Contrary to what you may have read elsewhere on The WWW, Lil Wayne did not get jailed because of the rock-rap-abortion Rebirth. Actually, the reason he's currently serving a nine month sentence (189 days left at time of publication, according to his official prison blog) is hardly important. What is important is the fact that as far as parting gifts go, Rebirth was right up there with a pretty young lady leaving a steamer on your pillow the morning after a pleasurably wild evening in Oh Face Town.
Thankfully, a few months before Wayne released his Fredrick Durst tribute album, he put out this brilliant mixtape.
No Ceilings is damn close to being the best thing Lil Wayne has ever been associated with. I've conducted the necessary research too (thanks Lil-Wayne-58-Mixtapes-Albums.torrent) and, while his other releases have all contained jaw-dropping splashes of excellence, not much comes close in regards to the high level of consistency and artistic creativity maintained throughout No Ceilings.
One of the most refreshing elements of the mixtape is the personal ownership taken on by Wayne. There is no annoying DJ yelling over the top at every opportunity (sorry Drama), instead the ad-libs - and goofy lighter sound effects - are all handled by the man himself.
No Ceilings also breaks the standard mixtape mould with it's non-reliance on guest appearances. Across the 21-tracks, only seven songs include additional vocals from those in Wayne's inner-circle, all of whom resist stepping too far from their weedcarrier roles and fight the temptation to try and steal the spotlight. Instead, we spend the majority of the seventy-two minutes buried deep inside the warped brain of "the greatest rapper alive". We are merely passengers on this journey however, relegated to sitting back and watching in awe as Wayne grabs beats off the shelf of Pop Rap Music, destroys them with his tongue-blending lyrical madness and then moves on without a second thought.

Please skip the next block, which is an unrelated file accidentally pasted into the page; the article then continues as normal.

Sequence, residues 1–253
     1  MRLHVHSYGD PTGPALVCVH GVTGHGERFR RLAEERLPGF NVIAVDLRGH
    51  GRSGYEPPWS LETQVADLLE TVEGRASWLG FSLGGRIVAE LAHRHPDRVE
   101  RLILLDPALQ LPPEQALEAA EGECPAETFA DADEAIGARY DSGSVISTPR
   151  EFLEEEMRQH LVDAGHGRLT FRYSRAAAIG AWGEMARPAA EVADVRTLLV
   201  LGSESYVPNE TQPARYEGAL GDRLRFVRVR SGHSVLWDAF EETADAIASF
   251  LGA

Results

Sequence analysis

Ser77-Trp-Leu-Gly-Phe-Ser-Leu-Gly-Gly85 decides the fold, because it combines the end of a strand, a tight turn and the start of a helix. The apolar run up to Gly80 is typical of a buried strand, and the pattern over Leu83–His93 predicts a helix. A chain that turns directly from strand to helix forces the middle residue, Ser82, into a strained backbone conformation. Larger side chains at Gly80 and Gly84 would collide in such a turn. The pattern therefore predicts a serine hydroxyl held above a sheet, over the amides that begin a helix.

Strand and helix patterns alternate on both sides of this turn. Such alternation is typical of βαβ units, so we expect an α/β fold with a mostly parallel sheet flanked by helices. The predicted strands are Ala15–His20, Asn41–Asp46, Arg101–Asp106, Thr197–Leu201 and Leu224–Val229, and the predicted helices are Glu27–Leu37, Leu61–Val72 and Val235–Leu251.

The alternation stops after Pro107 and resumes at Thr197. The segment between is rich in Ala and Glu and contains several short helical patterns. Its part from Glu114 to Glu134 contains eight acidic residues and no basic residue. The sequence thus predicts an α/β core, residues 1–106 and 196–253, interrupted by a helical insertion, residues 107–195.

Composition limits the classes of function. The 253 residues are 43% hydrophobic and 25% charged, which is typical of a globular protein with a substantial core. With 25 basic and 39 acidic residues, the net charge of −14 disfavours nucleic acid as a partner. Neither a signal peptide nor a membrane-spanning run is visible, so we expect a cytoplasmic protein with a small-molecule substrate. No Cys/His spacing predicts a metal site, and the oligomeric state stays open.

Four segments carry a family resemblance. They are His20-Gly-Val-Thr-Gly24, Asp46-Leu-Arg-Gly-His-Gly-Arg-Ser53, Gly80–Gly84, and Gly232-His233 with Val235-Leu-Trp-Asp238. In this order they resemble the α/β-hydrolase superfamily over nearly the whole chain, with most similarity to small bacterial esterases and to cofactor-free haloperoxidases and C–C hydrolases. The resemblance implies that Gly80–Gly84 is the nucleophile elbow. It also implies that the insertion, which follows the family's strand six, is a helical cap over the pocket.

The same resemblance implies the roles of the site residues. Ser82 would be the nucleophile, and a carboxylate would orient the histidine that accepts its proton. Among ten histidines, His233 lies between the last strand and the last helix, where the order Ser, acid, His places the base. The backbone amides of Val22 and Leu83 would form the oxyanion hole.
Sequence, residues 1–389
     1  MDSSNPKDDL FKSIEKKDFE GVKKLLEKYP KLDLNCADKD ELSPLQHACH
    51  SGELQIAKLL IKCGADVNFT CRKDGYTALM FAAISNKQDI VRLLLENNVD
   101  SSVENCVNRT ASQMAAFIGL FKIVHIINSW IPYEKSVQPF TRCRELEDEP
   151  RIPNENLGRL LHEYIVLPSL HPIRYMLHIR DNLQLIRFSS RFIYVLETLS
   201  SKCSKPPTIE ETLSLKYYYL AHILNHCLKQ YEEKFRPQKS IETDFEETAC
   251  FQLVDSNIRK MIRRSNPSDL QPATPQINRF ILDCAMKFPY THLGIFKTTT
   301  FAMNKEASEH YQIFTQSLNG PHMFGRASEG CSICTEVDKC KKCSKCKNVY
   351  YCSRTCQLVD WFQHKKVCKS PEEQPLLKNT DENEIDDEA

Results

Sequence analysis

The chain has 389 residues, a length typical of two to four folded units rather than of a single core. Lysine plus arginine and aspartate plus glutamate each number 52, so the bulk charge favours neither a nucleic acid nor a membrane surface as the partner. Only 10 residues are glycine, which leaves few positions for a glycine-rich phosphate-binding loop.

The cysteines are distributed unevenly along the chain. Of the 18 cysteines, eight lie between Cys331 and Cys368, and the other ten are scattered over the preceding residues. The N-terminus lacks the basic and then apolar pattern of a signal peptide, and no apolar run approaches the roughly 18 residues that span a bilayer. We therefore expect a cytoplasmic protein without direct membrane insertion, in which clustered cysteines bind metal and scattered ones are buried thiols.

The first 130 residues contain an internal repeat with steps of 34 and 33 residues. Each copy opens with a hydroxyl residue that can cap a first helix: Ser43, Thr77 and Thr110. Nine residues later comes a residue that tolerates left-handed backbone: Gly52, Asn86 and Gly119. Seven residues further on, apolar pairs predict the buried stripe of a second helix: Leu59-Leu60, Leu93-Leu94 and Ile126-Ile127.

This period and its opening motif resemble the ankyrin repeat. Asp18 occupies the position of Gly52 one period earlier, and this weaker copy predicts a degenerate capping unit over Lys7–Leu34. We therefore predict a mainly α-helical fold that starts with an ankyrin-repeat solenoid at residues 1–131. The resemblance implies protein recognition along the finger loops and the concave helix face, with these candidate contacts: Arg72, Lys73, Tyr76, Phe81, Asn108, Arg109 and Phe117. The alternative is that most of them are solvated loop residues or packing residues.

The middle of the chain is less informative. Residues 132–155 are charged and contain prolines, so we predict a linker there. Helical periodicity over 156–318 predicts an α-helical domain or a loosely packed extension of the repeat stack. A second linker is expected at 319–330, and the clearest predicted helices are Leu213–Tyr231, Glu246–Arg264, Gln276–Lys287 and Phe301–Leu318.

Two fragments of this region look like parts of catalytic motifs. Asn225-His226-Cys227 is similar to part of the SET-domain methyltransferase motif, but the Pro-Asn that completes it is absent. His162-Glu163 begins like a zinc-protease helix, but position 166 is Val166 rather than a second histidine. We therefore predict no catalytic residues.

While the trio of Poke Her Face, the Run This Town freestyle and the hijacked Black Eyed Peas party jam, I Got No Ceilings, immediately stands out as the record's finest period, there is no shortage of highlights. In fact, Wayne cleverly spreads the good shit out like honey on a hooker, with almost evert song containing at least a handful of rewind-able lines (ie. "you never wet like Grandma pussy", "swagger just dumb, call it Sarah Palin", "stuff that girl with dick 'til her head bursts" etc).
And the downside? Wayne On Me, despite it's humorous hook, is a bit of a lightweight go-nowhere slow jam. The same can be said for the bonus cut, I'm Single, which plods along with a lazy conversational flow taking favour over the quotable backflips that dominate the rest of the mixtape.
The obvious lack of pressure associated with this kind of release meant that No Ceilings was always going to feature Lil Wayne at his carefree best, running wild through his glossary of weed-damaged thinking patterns and pop-culture brain dumps. Although as expected the overall production value - especially compared to the multi-multi-platinum Tha Carter III - is a lot looser, Wayne's mountain of charisma, unpredictable flow and endlessly quotable mind-collapsing lyrical skills not only carries this record over the line but also puts in a strong argument that the nuts-out creative approach taken for his mixtape work should probably also be applied his proper LP releases.